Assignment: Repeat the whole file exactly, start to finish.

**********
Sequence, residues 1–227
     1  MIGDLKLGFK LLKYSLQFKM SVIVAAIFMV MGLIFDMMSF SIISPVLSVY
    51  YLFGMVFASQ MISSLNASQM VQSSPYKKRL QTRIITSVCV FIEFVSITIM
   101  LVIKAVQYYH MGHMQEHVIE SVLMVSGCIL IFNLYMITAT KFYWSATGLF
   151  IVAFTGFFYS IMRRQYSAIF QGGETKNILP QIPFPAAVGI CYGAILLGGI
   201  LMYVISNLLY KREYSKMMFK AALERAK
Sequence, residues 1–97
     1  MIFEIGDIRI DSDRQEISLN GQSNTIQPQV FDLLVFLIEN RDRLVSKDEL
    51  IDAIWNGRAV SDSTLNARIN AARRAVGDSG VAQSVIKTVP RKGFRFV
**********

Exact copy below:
Sequence, residues 1–227
     1  MIGDLKLGFK LLKYSLQFKM SVIVAAIFMV MGLIFDMMSF SIISPVLSVY
    51  YLFGMVFASQ MISSLNASQM VQSSPYKKRL QTRIITSVCV FIEFVSITIM
   101  LVIKAVQYYH MGHMQEHVIE SVLMVSGCIL IFNLYMITAT KFYWSATGLF
   151  IVAFTGFFYS IMRRQYSAIF QGGETKNILP QIPFPAAVGI CYGAILLGGI
   201  LMYVISNLLY KREYSKMMFK AALERAK
Sequence, residues 1–97
     1  MIFEIGDIRI DSDRQEISLN GQSNTIQPQV FDLLVFLIEN RDRLVSKDEL
    51  IDAIWNGRAV SDSTLNARIN AARRAVGDSG VAQSVIKTVP RKGFRFV